Kenai private prison goes down to defeat, Mat-Su rejects sales tax again

Posted: Wednesday, October 03, 2001

Kenai Peninsula Borough residents voted overwhelmingly against a plan to proceed with a private prison project in municipal elections Tuesday and voters in the Matanuska-Susitna Borough voted down a sales tax for the fourth time.

With all precincts reporting borough, the prison idea went down by a three-to-one margin. The vote bars the borough from proceeding with its feasibility studies on the project for two years.

Prison backers had raised nearly $150,000 for the campaign on the ballot issue -- about three times as much as their opponents.

The Kenai Peninsula Borough Assembly had chosen Cornell Companies to operate the 800-bed, medium security facility on land owned by the Kenai Natives Association. The state had authorized the Department of Corrections to enter into negotiations with the operators of the private prison.

Backers of the project included Cornell and several construction companies. Opponents included the Public Safety Employees Association, the union that represents Alaska State Troopers and state prison guards.

Matanuska-Susitna Borough voters rejected a two percent sales tax by a vote of nearly three to one. Voters have turned down the tax in three previous elections. Both Wasilla and Palmer already charge a sales tax.

In Palmer, Jim Cooper appeared victorious over Henry Guinotte in the race for mayor of Palmer.

Fairbanks businessman Steve Thompson won the race for Fairbanks city mayor.

Thompson was the top vote-getter among six candidates vying to replace outgoing Mayor Jim Hayes, who was leaving office after nine years.

Kodiak Borough Mayor Gabrielle LeDoux managed to hang onto the job she won earlier this year in a special election. Unofficial results showed LeDoux defeating Darlene Turner by a nearly three-to-one margin.

Kodiak voters also decided to retain the borough's city manager form of government, rejecting a proposal to return to the strong mayor form of government by a vote of 1,151 to 850.

The race for mayor of the city of Haines was too close to call Tuesday night. David Black had 313 votes to Carl Lehman's 309, with 108 absentee ballots still to be counted.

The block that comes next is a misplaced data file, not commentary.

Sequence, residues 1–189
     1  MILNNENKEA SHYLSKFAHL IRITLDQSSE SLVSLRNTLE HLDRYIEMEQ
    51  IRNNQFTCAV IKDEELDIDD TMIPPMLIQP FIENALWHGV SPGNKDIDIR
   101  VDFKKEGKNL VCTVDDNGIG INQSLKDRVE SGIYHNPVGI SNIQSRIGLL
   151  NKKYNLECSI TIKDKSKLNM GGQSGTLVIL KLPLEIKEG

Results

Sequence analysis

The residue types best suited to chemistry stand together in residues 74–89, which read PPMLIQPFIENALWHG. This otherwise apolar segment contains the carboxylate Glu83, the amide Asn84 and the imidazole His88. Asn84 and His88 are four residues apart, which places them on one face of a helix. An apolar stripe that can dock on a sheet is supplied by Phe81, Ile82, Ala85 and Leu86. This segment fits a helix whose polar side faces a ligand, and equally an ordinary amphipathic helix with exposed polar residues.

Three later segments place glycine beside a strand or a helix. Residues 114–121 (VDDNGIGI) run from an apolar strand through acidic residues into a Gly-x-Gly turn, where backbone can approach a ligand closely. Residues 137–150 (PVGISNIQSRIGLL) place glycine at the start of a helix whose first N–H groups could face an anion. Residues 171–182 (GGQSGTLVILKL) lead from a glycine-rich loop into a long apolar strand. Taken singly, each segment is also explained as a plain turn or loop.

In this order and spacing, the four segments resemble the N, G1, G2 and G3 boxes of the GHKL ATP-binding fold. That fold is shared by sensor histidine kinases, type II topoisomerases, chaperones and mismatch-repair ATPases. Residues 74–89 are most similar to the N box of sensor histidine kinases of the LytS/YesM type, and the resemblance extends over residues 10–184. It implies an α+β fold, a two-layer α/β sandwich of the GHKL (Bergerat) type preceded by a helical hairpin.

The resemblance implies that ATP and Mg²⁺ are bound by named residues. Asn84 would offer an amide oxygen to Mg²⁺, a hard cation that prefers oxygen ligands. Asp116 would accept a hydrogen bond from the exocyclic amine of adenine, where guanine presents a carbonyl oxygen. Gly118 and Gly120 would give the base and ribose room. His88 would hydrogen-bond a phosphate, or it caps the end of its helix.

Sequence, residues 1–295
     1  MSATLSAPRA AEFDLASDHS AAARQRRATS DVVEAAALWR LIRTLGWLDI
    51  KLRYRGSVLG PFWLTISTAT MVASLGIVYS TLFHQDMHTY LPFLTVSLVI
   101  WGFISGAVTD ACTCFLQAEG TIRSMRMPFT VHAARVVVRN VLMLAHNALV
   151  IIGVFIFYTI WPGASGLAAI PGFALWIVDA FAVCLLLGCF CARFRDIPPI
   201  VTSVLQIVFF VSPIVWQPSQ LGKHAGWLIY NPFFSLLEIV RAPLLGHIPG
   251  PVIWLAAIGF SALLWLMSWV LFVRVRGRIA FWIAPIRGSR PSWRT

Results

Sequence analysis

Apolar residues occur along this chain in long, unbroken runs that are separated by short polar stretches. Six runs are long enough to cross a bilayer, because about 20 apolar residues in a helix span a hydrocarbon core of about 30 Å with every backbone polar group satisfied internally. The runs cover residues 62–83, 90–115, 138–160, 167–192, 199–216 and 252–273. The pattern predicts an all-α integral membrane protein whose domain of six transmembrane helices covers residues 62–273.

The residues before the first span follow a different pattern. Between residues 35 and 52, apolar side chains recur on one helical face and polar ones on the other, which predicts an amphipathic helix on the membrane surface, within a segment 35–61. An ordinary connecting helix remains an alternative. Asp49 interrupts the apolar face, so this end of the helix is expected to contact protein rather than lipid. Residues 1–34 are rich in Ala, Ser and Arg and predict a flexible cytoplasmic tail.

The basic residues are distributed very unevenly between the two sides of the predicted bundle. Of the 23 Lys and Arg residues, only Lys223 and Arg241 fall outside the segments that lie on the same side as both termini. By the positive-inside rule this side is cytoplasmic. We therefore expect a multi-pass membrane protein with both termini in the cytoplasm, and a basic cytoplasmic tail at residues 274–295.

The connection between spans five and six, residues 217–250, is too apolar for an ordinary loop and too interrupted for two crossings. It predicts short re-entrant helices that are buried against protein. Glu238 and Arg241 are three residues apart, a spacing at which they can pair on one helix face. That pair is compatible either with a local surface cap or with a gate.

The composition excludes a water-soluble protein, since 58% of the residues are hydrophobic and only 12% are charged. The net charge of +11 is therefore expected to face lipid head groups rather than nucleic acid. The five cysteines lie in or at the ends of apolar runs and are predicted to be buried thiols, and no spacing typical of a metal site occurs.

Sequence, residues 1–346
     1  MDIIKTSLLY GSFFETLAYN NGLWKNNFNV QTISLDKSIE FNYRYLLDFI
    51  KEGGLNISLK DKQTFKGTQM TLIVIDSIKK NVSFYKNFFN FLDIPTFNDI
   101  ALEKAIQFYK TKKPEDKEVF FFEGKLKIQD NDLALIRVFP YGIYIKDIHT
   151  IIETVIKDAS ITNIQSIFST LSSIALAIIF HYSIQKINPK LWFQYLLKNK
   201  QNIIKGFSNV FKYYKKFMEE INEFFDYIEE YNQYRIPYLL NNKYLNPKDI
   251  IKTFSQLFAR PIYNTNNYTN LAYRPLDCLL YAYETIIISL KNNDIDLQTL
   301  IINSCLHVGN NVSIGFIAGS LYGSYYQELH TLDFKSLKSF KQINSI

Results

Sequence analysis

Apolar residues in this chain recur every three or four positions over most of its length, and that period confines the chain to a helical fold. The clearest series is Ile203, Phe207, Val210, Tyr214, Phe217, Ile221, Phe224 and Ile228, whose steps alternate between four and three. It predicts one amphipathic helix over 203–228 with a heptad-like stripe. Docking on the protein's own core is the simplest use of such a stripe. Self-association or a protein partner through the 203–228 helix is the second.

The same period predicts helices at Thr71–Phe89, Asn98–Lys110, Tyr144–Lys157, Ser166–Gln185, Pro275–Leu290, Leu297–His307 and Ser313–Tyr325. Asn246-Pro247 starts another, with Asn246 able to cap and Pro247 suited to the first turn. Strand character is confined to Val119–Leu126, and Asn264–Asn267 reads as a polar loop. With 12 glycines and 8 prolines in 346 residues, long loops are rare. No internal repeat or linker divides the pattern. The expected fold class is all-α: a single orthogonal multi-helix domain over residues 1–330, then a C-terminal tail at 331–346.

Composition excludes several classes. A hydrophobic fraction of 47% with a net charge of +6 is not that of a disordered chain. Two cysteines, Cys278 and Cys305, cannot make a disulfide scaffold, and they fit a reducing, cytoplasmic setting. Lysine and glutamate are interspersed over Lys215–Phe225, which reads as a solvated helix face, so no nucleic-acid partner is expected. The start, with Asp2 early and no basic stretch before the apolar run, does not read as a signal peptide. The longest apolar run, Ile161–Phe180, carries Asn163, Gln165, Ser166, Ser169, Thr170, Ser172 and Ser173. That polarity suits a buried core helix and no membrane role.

City residents voted overwhelmingly in favor of using the one percent sales tax, currently dedicated to tourism, for economic development as well as tourism.

In the Haines Borough mayor's race, Jan Hill was leading Fred Shields by a vote of 508 to 423.

Results of an advisory vote indicated Haines borough residents favored the managed use of helicopters for tourism by nearly two to one. The advisory vote asked residents if they supported the managed use of helicopters for commercial recreation, including heli-skiing from February through April. Backers of the proposal say it will lay the groundwork for an expanded winter economy.

A second measure before Haines borough voters to create a service area to regulate commercial helicopter tours was too close to call.

In the Barrow mayor's race, unofficial results favored Edith Vorderstrasse -- the wife of outgoing mayor Jim Vorderstrasse. She was leading former Barrow mayor Nathaniel Olemaun by a vote of 368 to 319. The 105 absentee and questioned ballots still need to be tallied, however.

In Klawock, incumbent mayor Donna Williams appeared headed for a third term, leading former Klawock mayor Bob George by a vote of 94 to 78.

In Craig, incumbent mayor Dennis Watson was leading with 96 votes. Greg Head, who was on the ballot, had announced he did not want to run for mayor after all but still collected 65 votes.

In Unalaska, Councilwoman Pam Fitch was winning the mayor's race, leading Bill Bradshaw by a vote of 284 to 261. Still uncounted, however, were about 40 absentee and challenged ballots.



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